Features Lost in Space (1965) See more »


Star Wars: Main Title
Composed by John Williams
See more »

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User Reviews

Albeit full of itself and avoiding any serious dissent, this is mostly a fascinating look at the making of the three films
3 January 2005 | by (United Kingdom) – See all my reviews

For the release of the three original (albeit updated) films in the Star Wars series, this documentary was provided as the main extra on a fourth DVD. Starting with the difficult production of Star Wars and looking at the completely unexpected success it turned out to be, we examine the making of the two sequels, the puppets, the effects and the actors with recollections and insight from cast and crew.

At the start of this documentary it appeared to be heading down a very bad road where it looked at the national mood at the time the original film was being produced; it appeared to be suggesting that the film itself was a major event and was some sort of saviour of the world! Now, the influence and knock-on effect of Star Wars in the film industry is undeniable but if the documentary was going to be just a big love-in then I would have struggled to finish it. Fortunately the film manages to move away from this for the majority and the slight tone of awe and respect afforded to the films can perhaps be forgiven. Likewise the film avoids any significant dissent aside from some of the crew acknowledging that they didn't share Lucas' vision or like the film they were making (but admit they were wrong); but it brushes over things like Guinness' dislike for even the finished film and the cold direction by Lucas and never lets anyone ever share stories that could come across as damaging.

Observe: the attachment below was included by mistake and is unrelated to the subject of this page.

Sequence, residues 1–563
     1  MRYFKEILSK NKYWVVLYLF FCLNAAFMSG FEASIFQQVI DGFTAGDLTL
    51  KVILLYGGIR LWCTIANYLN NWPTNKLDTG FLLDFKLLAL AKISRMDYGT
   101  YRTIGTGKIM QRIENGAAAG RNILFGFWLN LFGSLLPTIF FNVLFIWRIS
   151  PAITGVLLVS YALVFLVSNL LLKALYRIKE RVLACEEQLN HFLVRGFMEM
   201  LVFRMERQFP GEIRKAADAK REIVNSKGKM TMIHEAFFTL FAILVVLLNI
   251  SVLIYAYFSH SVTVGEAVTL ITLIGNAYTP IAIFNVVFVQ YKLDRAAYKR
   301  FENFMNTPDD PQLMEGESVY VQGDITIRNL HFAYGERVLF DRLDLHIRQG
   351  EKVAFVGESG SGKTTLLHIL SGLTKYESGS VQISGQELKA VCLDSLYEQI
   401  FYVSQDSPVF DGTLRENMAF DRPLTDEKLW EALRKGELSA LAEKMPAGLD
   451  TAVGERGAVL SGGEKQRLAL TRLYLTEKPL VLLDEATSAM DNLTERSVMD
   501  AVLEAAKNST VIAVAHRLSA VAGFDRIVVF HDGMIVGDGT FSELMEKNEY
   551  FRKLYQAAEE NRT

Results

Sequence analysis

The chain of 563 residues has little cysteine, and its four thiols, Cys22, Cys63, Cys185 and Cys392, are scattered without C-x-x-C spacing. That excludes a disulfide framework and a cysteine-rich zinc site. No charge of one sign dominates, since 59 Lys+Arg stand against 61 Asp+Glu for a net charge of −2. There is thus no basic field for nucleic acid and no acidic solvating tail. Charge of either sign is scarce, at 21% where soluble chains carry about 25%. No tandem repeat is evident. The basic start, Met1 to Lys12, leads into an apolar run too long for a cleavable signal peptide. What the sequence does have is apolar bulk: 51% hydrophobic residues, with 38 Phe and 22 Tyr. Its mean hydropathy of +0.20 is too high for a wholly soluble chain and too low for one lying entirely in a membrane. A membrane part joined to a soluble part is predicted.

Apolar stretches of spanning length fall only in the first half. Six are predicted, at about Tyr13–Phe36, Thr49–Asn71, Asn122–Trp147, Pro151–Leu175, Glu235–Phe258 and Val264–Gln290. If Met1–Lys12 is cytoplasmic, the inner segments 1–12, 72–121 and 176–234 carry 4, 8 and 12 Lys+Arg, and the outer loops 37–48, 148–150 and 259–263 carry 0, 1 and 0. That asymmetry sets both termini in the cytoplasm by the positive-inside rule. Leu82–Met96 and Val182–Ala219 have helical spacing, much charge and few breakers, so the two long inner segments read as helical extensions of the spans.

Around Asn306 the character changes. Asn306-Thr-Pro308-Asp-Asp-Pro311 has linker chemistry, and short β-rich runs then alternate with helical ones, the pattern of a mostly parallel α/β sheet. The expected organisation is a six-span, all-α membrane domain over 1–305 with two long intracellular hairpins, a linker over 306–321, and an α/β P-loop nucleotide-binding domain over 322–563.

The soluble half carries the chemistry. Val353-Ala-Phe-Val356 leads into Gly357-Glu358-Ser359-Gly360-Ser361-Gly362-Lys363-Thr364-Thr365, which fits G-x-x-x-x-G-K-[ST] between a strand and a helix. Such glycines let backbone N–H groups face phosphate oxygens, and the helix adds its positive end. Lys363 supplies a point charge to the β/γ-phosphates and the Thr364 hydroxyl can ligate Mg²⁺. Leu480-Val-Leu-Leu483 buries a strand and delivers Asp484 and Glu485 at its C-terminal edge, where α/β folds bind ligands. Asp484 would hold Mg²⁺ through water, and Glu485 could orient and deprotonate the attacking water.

However, outside of these minor complaints the documentary is an impressive look at the films in a mostly very interesting and honest way. Back stories, personal memories, personal experiences, onset trouble and footage from the production all combine to produce a story that is very interesting and full of nuggets to the point where I could easily sit and watch it again. Of course you probably need to be a Star Wars fan to care about such things but, considering this was provided as a companion to the three films, then it is more than likely playing to a friendly crowd. The involvement of so many of the cast and crew is a real bonus but I would have liked a bit more from some of them – for example I would have liked to hear something from Prowse, considering he thought he was a central character only to find himself totally dubbed out of the film! Lucas himself is a bit full of his own self-importance and the documentary does get better with Empire and Jedi because his contributions are reduced to make way for the other directors.

The film touches on Phantom Menace but wisely says nothing of it. In fact the documentary does shed light on why Menace may have failed as a film – at one point in the writing of Star Wars, one contributor says that the Force had to be carefully written to be present but to never be too serious or heavy or it would suck the fun out of the film. This made me smile because I believe that the weight of self-importance is a major reason that Menace is lacking in entertainment value. Overall this is an impressive documentary that looks at so many issues that it will be difficult to be bored by it – sound effects, visual effects, writing, production, casting, marketing, development, studio pressures and so on – it is a must for fans and it puts to shame many of the ten minute "making of" featurettes that pass for documentaries on some dvds.